This repair was easy, but I would not have even tried if I hadn't read the tips from other DIYers - thanks! The website questions and schematic along with some common sense testing isolated the problem with the oven only heating up to 250 degrees. Since the broiler (upper element) worked ok, that made it likely that the temperature sensor was not the problem. That made almost certain that the bake (cooking) element was the problem. So, I ordered the part, which was delivered quickly. Early on the morning of the scheduled delivery date, I turned off the oven power at the fuse box and pulled the oven away from the wall. There were only 4 screws to remove in order to take off the rear panel. The bake element was attached to two slide-on connectors, one of which looked charred and partially disconnected. I cleaned the charred connector, reattached it to the bake element, turned the power back on, and then turned the oven on. The charred connection glowed, so I immediately turned off the oven and the power. I disconnected the bad connector, cut it off from the wire, and stripped the wire to prepare for a new connector, which cost 30 cents at the hardware store. The bake element connection was cleaned, and then the new connector was attached. The power was turned back on, and then the oven was turned on, and it heated perfectly. After confirming several heatings over several hours, the rear panel was reattached, and the oven was pushed back to the wall. This expensive 40" dual fuel oven had been purchased new and used for 3 years by the prior owners of our home. The oven's computer brain died when the oven was 7 years old - the repair cost us $500 for professional labor, parts, and materials. I don't know if I could have done that repair, but I had no intention of shelling that much again, which is why I tried this bake element repair myself. The oven is now 11 years old, and the most likely part to fail is the original bake element. So, we may keep the new part as insurance with the hope of making a fast, easy, inexpensive repair when the original bake element eventually fails.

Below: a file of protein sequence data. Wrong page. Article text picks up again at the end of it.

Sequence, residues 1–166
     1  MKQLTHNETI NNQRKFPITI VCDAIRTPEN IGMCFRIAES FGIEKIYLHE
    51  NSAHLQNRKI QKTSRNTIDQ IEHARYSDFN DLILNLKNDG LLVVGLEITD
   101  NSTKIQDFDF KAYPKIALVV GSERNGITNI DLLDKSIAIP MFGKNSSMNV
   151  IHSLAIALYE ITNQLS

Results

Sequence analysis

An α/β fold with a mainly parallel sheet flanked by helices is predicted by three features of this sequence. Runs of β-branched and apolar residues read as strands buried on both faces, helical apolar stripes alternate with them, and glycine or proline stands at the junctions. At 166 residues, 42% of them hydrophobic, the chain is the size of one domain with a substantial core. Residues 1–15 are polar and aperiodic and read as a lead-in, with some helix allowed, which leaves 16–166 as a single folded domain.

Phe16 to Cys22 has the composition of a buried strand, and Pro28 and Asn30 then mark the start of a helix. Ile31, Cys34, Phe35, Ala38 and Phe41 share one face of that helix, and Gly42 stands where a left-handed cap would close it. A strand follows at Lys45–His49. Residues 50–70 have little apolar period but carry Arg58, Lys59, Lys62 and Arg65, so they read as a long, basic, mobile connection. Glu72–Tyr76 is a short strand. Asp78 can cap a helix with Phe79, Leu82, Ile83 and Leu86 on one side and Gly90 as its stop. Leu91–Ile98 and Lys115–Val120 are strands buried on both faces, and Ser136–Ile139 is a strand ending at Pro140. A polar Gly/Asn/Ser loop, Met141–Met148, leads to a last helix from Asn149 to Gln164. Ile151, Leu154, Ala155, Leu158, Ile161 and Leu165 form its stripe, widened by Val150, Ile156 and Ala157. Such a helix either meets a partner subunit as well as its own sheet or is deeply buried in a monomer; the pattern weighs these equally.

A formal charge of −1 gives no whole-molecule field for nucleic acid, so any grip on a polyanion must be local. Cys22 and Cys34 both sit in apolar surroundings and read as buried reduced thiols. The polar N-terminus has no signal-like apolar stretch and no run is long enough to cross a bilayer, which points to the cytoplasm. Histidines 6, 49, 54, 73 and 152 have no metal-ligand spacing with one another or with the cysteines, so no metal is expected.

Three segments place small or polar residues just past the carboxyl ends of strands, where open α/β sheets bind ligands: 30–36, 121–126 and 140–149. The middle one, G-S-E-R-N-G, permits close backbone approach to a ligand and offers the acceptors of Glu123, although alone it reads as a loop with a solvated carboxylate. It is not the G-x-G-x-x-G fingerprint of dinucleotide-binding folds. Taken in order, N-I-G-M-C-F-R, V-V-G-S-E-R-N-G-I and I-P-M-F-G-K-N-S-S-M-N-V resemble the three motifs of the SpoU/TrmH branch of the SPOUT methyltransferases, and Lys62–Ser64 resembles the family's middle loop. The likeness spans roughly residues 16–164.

All Instructions for the GLEB30T8CSA
31-45 of 50